Congenital Erythropoietic Porphyria

Updated: May 24, 2018
  • Author: Jeanette L Hebel, MD; Chief Editor: Dirk M Elston, MD  more...
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Erythropoietic porphyria (EP) is a rare inborn error of porphyrin-heme synthesis inherited that is as an autosomal recessive trait. The inheritance of 2 mutant alleles for the gene encoding the enzyme uroporphyrinogen III synthase leads to accumulation of porphyrins of the isomer I type that are biologically useless but cause cutaneous photosensitivity characterized by blisters, erosions, and scarring of light-exposed skin.

Clinical manifestations can range from mild to severe. Chronic damage of skin, cartilage, and bones can cause mutilation. Hypertrichosis, erythrodontia, and reddish-colored urine are often present. Hemolytic anemia can be mild or severe, with resultant splenomegaly and osseous fragility.

The following is a selection of other porphyria-related articles:

Also see the figure below.

Clinical classification of porphyrias. Clinical classification of porphyrias.


Erythropoietic porphyria is primarily a disorder of bone marrow heme synthesis. Deficient activity of the enzyme uroporphyrinogen III synthase in erythrocyte precursor cells causes a shift of the pathway away from the isomer III porphyrinogen production that can effect the end-product heme; isomer I porphyrinogens that cannot be used to form heme may be overproduced. The accumulated isomer I porphyrinogens are spontaneously oxidized to their corresponding porphyrins, which are water-soluble photosensitizers with a reddish hue.

These porphyrins are released from the maturing erythrocytes into the plasma and are excreted by renal mechanisms; urine with a port-wine color is produced. The interaction of excess porphyrins in the skin and light radiation causes photoxidative damage of biomolecular targets that is manifested as mechanical fragility and blistering that may result in severe scarring.

The hemolytic anemia of erythropoietic porphyria can cause hypersplenism in more serious cases. Hypertrophy of the bone marrow in such cases can lead to osseous fragility and pathologic fractures. Acral osteolysis and onycholysis may occur; bones and teeth are stained red by the deposition of porphyrin pigment. Ocular damage can lead to blindness. The photoactive nature of porphyrin molecules results in the bright pink fluorescence of these pigments in urine, teeth, and bones under Wood light illumination.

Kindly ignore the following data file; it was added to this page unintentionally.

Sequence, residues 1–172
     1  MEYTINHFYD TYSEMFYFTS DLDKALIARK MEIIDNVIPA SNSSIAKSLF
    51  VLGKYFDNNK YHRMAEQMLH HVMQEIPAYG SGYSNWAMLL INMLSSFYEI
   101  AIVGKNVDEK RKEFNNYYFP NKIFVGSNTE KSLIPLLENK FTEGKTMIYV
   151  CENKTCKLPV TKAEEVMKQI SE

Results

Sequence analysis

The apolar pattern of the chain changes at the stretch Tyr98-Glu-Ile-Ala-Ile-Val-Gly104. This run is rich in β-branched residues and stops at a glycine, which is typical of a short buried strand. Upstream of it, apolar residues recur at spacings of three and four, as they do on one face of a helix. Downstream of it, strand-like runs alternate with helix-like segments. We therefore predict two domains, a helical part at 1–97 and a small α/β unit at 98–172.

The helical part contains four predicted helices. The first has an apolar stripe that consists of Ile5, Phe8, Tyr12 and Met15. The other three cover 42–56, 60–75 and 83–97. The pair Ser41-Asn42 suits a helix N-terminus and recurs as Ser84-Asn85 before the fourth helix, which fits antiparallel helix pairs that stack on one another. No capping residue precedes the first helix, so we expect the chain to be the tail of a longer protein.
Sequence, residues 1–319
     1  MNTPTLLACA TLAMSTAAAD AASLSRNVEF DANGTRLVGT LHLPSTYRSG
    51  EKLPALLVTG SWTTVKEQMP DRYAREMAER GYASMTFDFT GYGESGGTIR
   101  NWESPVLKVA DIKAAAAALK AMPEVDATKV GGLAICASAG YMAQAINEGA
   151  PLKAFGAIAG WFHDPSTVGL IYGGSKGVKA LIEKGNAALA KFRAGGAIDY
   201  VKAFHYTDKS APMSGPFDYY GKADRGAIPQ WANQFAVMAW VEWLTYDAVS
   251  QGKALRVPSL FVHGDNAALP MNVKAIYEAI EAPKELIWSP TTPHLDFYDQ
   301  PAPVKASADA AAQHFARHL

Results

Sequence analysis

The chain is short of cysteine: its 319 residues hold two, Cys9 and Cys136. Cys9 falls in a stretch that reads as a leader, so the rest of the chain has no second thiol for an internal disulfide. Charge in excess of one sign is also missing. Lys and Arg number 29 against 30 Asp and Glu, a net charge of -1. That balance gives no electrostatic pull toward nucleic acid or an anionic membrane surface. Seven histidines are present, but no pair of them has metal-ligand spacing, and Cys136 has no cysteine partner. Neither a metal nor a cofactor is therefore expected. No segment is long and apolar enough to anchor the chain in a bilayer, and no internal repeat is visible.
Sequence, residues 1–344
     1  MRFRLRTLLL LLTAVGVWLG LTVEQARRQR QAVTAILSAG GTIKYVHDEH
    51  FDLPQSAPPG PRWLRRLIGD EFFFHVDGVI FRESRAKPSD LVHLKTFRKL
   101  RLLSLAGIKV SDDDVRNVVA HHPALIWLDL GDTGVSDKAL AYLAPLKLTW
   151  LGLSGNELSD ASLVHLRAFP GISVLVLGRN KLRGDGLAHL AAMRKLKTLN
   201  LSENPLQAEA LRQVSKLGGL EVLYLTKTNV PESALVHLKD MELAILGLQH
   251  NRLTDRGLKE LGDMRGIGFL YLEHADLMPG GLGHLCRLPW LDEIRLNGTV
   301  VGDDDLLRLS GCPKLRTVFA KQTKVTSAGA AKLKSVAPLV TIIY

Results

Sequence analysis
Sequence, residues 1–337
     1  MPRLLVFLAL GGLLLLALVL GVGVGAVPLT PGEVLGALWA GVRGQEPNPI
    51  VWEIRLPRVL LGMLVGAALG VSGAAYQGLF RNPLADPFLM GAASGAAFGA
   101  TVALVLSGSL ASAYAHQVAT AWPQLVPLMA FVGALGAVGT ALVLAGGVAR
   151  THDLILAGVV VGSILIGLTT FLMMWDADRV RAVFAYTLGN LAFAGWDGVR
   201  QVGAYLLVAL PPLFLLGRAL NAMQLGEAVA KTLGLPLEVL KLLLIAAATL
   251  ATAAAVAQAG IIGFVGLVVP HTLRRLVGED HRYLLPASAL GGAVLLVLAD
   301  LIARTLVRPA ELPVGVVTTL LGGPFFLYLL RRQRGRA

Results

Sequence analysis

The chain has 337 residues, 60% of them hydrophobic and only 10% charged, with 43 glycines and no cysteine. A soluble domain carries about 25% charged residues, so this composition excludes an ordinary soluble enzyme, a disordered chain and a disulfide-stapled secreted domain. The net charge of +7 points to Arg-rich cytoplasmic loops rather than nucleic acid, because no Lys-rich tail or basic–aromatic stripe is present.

Erythropoietic porphyria is caused by autosomal recessive inheritance of genes that encode abnormal uroporphyrinogen III synthase (UROS) enzyme protein. The resultant deficient activity of this enzyme leads to hemolytic anemia, cutaneous photosensitivity, and their complications. The mutation that causes the most severe deficiency of the enzyme uroporphyrinogen III synthase is C73R. The C73R mutation is responsible for more than 20% of the cases. [1] C73R mutations lead to premature degradation of the UROS enzyme by disturbing protein stability. [2]

The GATA gene family, a group of transcription factors, has a crucial role in normal human hematopoiesis. A mutation in GATA1, an X-linked transcription factor, has been reported in association with erythropoietic porphyria. [3]

Uroporphyrinogen I accumulates in the skin. With an excess of uroporphyrinogen and in the presence of 404-nm wavelengths of light, free radicals are formed leading to photodermatitis. Uroporphyrinogen fluoresces in ultraviolet light, causing the reddish discoloration seen in the teeth and sclera examined under a Wood light. Owing to the excretion of uroporphyrinogen in urine, it also fluoresces in ultraviolet light.




United States

A porphyria registry has only recently been established in the United States (American Porphyria Foundation); therefore, accurate figures are not yet available. Erythropoietic porphyria is rare; only several hundred cases have been reported worldwide.


Erythropoietic porphyria is reported in diverse populations. Only several hundred cases have been reported worldwide.


No racial predilection is reported for erythropoietic porphyria.


Erythropoietic porphyria occurs in both males and females with approximately equal frequencies.


Erythropoietic porphyria typically occurs in infants or young children; however, several adult-onset cases are reported.



Remarkable clinical variability exists in erythropoietic porphyria. Despite the limited treatments that are currently available, the prognosis is not invariably poor. With strict adherence to sun avoidance, scarring and mutilation can be minimized.

Normal life spans are possible in many cases. Most patients with erythropoietic porphyria survive into adulthood, with a life expectancy of 40-60 years.